A comma (,) is used to do what?
Indicate a pause
Separate items on a list
Allow the writer to use more than one adjective or adverb
In front of certain connectives to link independent clauses
To finish a sentence
'Jenny had learned to study by herself, even though she didn't enjoy it'
This is an example of the correct way to use the comma to separate clauses in a sentence.
The semi-colon (;) is used to:
Indicate there is a list to follow
Join two sentences with related ideas together instead of using a connective.
End a sentence
To separate items on a long list
The colon (:) is used to
Indicate a list
Join two parts of a sentence with linked meanings to give an example or explain the first part of the sentence.
For a heading or title
For each of the sentences below choose either a colon or semi-colon from the drop-down menu to correctly punctuate the sentences.
1) We have one rule in this school:
;( :, ; ) treat others as you would like them to treat you.
2) There is a choice of three main courses:
;( :, ; ) beef in ale;
:( ;, : ) spaghetti bolognese or fish and chips.
3) Mum could not find her car keys;
:( ;, : ) we had to walk to school.
4) There are four teams left in the World Cup:
;( :, ; )
5) The clock would not work;
:( ;, : ) it needed a battery.
6) We tried three ways to save money:
;( :, ; ) turning down the heating;
:( ;, : ) cycling to work;
:( ;, : ) holidaying in this country.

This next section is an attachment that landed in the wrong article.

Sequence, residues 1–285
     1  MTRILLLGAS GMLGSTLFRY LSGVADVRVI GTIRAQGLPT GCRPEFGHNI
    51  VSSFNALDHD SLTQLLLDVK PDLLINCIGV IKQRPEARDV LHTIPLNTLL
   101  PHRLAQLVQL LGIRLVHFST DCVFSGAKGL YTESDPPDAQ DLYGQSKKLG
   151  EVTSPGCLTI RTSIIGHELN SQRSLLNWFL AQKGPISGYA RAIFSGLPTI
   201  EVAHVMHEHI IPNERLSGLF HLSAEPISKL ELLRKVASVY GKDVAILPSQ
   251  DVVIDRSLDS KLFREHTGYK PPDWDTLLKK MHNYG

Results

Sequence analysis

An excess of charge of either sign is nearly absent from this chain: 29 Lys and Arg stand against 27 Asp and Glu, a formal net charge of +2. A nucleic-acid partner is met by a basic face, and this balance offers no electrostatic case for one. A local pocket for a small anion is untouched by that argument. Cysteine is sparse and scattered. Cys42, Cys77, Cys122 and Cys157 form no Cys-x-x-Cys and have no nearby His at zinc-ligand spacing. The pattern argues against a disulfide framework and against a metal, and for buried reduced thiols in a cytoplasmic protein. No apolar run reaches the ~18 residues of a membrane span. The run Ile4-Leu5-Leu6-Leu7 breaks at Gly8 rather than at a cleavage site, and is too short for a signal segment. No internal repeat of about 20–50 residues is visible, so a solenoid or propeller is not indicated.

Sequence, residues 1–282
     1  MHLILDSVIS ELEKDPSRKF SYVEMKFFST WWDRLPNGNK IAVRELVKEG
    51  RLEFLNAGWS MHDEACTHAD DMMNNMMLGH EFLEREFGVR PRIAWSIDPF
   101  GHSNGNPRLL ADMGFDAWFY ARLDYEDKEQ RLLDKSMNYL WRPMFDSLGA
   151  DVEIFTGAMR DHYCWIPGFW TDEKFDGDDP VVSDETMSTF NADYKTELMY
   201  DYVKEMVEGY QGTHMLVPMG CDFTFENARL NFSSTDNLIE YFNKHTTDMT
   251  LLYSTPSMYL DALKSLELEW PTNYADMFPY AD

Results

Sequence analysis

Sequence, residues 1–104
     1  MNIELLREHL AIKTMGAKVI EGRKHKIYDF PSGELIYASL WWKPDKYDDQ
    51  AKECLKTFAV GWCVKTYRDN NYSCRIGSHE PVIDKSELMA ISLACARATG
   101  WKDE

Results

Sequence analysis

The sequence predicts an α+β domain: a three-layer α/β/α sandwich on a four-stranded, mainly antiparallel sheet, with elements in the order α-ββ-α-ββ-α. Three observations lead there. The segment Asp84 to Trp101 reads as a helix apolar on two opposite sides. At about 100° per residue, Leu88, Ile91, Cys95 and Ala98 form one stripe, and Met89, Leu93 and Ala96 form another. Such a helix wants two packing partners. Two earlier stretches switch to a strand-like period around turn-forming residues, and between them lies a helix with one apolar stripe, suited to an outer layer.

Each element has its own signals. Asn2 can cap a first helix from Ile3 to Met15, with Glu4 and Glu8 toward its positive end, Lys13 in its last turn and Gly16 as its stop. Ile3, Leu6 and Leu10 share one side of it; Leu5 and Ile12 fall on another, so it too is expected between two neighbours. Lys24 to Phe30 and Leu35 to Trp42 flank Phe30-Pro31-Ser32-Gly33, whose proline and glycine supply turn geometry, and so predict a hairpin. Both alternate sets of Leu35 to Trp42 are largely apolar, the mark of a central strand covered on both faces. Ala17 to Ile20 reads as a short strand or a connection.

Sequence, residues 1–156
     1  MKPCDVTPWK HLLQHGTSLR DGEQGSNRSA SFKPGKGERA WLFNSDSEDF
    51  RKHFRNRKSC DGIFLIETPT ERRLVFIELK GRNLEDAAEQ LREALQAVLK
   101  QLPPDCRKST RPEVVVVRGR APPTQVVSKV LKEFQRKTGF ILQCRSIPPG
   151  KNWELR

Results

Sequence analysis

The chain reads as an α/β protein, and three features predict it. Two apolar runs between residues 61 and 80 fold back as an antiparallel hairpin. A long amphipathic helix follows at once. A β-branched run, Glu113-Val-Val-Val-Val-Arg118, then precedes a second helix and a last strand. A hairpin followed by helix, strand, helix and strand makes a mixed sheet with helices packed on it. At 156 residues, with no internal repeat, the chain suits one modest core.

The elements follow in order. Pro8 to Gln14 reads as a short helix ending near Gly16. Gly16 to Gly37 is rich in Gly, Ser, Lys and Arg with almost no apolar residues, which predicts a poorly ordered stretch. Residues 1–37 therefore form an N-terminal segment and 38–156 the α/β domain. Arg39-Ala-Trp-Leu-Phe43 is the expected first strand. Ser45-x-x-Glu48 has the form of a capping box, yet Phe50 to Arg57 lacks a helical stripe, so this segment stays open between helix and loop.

The apostrophe(') is used to:
Separate items in a list
Join clauses in sentences
To show when a letter has been missed out of a word to make it shorter
For each of the examples of apostrophe us in the image, choose from the drop-down menus either 'omission' if the apostrophe is being used to indicate a missing letter or 'possession' if it is being used to indicate ownership.
Full stops(.) are only used
To end a sentence
To indicate there is a list to follow
To separate clauses in sentences
To indicate a pause
What does an exclamation mark (!) do?
Replace a full stop at the end of a sentence
Ask a question
Turns statements into imperatives
Indicate the end of a sentence
Indicate emotions such as fear, anger or shock etc
The question (?) mark does what?
Turns sentences into questions
Replaces a full stop
Indicates the end of a sentence
The passage below has had all of the punctuation marks removed. Choose from the drop-down menus to replace these and correctly punctuation the passage so that it makes sense.
Yaqoob and Iqbal were nervous of hanging around a volatile situation.
;( ., :, ; ) They agreed to find out for me what was happening,
.( ,, ;, . ) ordering me to stay inside the car as they were swallowed up by the crowd.
!( ., ;, ! ) They emerged sometime later.
;( ., !, ; ) 'It' omission
,( ' omission, ' possession, , )s still not resolved,' said Iqbal, 'but it' omission
;( ' omission, ' possession, ; )s starting to get nasty. I think we should leave'.
!( ., ;, ! ) As we drove away,
.( ,, ;, . ) Yaqoob reflected on his driving skills.
;( ., :, ; ) 'I really enjoyed that,
;( ,, !, ; )' he said as we drove off at a more sedate pace.
:( ., ;, : ) 'But I don' omission
;( ' omission, ' possession, ; )t even have my licence yet because I' omission
,( ' omission, ' possession, , )m underage!
:( !, ., : )'.
They both found this hilarious,
!( ,, ;, ! ) but I was glad he hadn't told me before;
:( ;, ., : ) an inexperienced,
:( ,, ;, : ) underage driver causing a massive pile-up in the middle of the high-stakes donkey race could have caused problems.
?( ., !, ? )